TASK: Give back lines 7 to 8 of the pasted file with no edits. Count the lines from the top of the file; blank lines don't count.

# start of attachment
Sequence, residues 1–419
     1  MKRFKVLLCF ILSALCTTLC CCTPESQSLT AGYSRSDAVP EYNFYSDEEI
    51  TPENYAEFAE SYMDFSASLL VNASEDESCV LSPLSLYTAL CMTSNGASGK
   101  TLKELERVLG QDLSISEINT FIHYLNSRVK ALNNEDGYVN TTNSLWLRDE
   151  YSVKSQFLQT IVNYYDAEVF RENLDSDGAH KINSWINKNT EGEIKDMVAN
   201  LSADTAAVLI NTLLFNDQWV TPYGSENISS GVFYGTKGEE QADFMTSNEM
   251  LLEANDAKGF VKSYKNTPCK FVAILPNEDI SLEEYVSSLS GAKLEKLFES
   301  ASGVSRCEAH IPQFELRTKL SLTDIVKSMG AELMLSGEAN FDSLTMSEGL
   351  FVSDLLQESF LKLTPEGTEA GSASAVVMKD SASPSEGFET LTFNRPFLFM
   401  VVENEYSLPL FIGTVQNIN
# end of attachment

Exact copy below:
   251  LLEANDAKGF VKSYKNTPCK FVAILPNEDI SLEEYVSSLS GAKLEKLFES
   301  ASGVSRCEAH IPQFELRTKL SLTDIVKSMG AELMLSGEAN FDSLTMSEGL